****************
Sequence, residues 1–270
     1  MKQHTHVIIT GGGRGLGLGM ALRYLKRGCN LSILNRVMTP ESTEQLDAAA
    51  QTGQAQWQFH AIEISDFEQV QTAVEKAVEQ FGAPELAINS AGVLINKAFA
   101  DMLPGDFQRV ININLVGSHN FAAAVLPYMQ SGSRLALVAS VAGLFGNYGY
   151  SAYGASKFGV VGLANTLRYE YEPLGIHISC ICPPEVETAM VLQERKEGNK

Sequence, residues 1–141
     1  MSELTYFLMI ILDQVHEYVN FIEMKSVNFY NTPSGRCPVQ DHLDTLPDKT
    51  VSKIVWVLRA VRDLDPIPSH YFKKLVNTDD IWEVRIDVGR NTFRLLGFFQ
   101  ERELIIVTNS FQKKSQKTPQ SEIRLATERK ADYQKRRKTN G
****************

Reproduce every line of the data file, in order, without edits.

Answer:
Sequence, residues 1–270
     1  MKQHTHVIIT GGGRGLGLGM ALRYLKRGCN LSILNRVMTP ESTEQLDAAA
    51  QTGQAQWQFH AIEISDFEQV QTAVEKAVEQ FGAPELAINS AGVLINKAFA
   101  DMLPGDFQRV ININLVGSHN FAAAVLPYMQ SGSRLALVAS VAGLFGNYGY
   151  SAYGASKFGV VGLANTLRYE YEPLGIHISC ICPPEVETAM VLQERKEGNK

Sequence, residues 1–141
     1  MSELTYFLMI ILDQVHEYVN FIEMKSVNFY NTPSGRCPVQ DHLDTLPDKT
    51  VSKIVWVLRA VRDLDPIPSH YFKKLVNTDD IWEVRIDVGR NTFRLLGFFQ
   101  ERELIIVTNS FQKKSQKTPQ SEIRLATERK ADYQKRRKTN G